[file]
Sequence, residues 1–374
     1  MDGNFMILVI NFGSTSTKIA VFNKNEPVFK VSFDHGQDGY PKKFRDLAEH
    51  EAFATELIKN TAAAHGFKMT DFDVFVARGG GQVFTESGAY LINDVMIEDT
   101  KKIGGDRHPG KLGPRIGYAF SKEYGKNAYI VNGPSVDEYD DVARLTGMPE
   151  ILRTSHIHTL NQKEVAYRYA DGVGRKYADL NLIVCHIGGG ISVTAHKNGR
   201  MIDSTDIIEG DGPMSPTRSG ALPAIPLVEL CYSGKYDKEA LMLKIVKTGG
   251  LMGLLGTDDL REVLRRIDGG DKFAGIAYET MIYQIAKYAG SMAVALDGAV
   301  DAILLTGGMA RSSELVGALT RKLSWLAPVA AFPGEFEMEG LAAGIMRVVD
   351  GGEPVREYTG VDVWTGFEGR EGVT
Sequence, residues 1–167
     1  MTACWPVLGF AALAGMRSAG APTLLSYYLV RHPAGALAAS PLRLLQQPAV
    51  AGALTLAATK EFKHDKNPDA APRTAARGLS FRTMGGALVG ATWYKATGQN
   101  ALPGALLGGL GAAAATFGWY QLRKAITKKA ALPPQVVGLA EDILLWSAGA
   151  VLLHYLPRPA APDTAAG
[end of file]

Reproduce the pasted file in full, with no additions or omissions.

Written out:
Sequence, residues 1–374
     1  MDGNFMILVI NFGSTSTKIA VFNKNEPVFK VSFDHGQDGY PKKFRDLAEH
    51  EAFATELIKN TAAAHGFKMT DFDVFVARGG GQVFTESGAY LINDVMIEDT
   101  KKIGGDRHPG KLGPRIGYAF SKEYGKNAYI VNGPSVDEYD DVARLTGMPE
   151  ILRTSHIHTL NQKEVAYRYA DGVGRKYADL NLIVCHIGGG ISVTAHKNGR
   201  MIDSTDIIEG DGPMSPTRSG ALPAIPLVEL CYSGKYDKEA LMLKIVKTGG
   251  LMGLLGTDDL REVLRRIDGG DKFAGIAYET MIYQIAKYAG SMAVALDGAV
   301  DAILLTGGMA RSSELVGALT RKLSWLAPVA AFPGEFEMEG LAAGIMRVVD
   351  GGEPVREYTG VDVWTGFEGR EGVT
Sequence, residues 1–167
     1  MTACWPVLGF AALAGMRSAG APTLLSYYLV RHPAGALAAS PLRLLQQPAV
    51  AGALTLAATK EFKHDKNPDA APRTAARGLS FRTMGGALVG ATWYKATGQN
   101  ALPGALLGGL GAAAATFGWY QLRKAITKKA ALPPQVVGLA EDILLWSAGA
   151  VLLHYLPRPA APDTAAG